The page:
A new study finds that our emotional responses to everyday stressors impact our long term mental health.
A Ten Year Study
Dr. Susan Charles of the University of California, Irvine and her colleagues used data from two national surveys to examine the relationship between how people respond to daily emotional stressors and the state of their mental health ten years later. A major strength of the study was that the researchers were able to use a very large sample of 711 adults ranging in age from 25-74. In the first time period, the participants were assessed across eight consecutive evenings where they were asked to report their daily life stressors (such as an argument at home or a problem at work). They were also asked to indicate their general emotional state, including the presence of negative emotions such as hopelessness, worthlessness, nervousness, or restlessness.
In the second time period, ten years later, data was gathered about the participants’ emotional state, their level of psychological distress, and self-reports of any mental disorders such as anxiety or depression. They found that people who responded to daily stressors with heightened emotional reactions (of the negative kind) were significantly more likely to report being more emotionally distressed ten years later, and had a higher incidence of anxiety and depression.
What the Study Teaches Us
The researchers concluded that the level of negative emotions people experience and how they respond to seemingly normal minor stressors in their lives have long-term implications for their mental health. In other words, our emotional and mental health are not only determined by major life events, but can be significantly impacted by how we deal with daily emotional assaults, especially when we ignore such experiences and take no steps to ameliorate their impact.
What You Can Do to Protect Yourself against Daily Psychological Stressors
The participants in the study are no different than most of us in that we all experience daily stressors that seem minor or insufficiently significant to warrant running to a therapist or taking any kind of reparative action. However, as the study points out, these small emotional injuries often accumulate and fester when left untreated and can result in long term damage to our mental health.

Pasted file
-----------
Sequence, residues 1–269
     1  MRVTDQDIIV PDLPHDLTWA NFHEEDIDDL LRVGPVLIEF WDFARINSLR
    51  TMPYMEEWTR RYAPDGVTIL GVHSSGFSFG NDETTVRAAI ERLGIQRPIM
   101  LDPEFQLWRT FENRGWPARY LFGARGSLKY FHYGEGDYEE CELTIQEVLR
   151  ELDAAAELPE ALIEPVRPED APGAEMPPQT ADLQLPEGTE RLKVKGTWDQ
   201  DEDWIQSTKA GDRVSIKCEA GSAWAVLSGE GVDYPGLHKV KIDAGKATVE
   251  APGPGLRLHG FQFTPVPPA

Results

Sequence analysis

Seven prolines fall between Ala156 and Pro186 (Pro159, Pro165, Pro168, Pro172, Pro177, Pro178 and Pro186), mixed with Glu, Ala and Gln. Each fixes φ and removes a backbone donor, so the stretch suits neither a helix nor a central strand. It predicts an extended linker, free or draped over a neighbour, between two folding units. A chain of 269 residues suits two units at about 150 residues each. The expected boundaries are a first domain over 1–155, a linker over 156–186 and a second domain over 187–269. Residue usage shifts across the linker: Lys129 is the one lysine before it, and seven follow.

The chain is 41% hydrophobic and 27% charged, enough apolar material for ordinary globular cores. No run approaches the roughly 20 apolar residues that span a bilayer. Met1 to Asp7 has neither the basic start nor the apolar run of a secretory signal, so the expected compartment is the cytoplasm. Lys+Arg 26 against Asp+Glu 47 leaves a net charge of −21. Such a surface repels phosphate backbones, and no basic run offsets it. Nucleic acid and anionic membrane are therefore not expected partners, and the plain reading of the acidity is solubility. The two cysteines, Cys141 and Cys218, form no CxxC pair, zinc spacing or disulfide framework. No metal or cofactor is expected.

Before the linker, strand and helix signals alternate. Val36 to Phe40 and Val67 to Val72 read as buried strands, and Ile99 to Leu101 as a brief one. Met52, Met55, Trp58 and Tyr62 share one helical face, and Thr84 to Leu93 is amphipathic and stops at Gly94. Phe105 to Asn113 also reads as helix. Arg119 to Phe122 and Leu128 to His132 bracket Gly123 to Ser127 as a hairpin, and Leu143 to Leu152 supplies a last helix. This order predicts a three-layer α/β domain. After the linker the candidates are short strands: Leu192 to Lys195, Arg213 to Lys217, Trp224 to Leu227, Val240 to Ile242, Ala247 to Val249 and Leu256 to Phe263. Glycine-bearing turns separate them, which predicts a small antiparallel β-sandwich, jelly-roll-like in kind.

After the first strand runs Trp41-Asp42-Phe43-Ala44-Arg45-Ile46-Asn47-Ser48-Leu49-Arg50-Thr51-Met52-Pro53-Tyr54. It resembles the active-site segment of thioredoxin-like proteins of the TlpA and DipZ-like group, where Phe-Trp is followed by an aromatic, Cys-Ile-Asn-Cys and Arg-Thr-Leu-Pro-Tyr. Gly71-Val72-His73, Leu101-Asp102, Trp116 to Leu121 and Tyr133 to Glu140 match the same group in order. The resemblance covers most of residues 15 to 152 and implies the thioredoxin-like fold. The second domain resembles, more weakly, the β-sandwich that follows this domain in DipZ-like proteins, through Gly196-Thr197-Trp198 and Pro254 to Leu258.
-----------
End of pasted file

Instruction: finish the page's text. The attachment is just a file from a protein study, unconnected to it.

Small emotional wounds, just like minor physical ones, can and should be ‘treated’. The first step in doing so is to avoid sweeping these experiences under the rug. We should ask ourselves whether our feelings/mood/morale has sustained an ‘injury’, and if so, we should take time to address our emotional state. For example, if our boss yells at us at work, we could devote some time to thinking about how to handle such incidents in the future. We could consider whether their outburst warrants a visit to the human resources department (see my article about ‘horrible bosses’ here). And we can asses whether we might need to discuss the incident with a spouse, trusted friend, or colleague in order to receive emotional validation (see my article about the soothing powers of emotional validation here).
For more advice about how to deal with daily emotional stressors check out my upcoming book, Emotional First Aid: Practical Strategies for Treating Failure, Rejection, Guilt and Other Everyday Psychological Injuries.
Copyright 2013 by Guy Winch
Reference: S. T. Charles, J. R. Piazza, J. Mogle, M. J. Sliwinski, D. M. Almeida. The Wear and Tear of Daily Stressors on Mental Health. Psychological Science, 2013; DOI: 10.1177/0956797612462222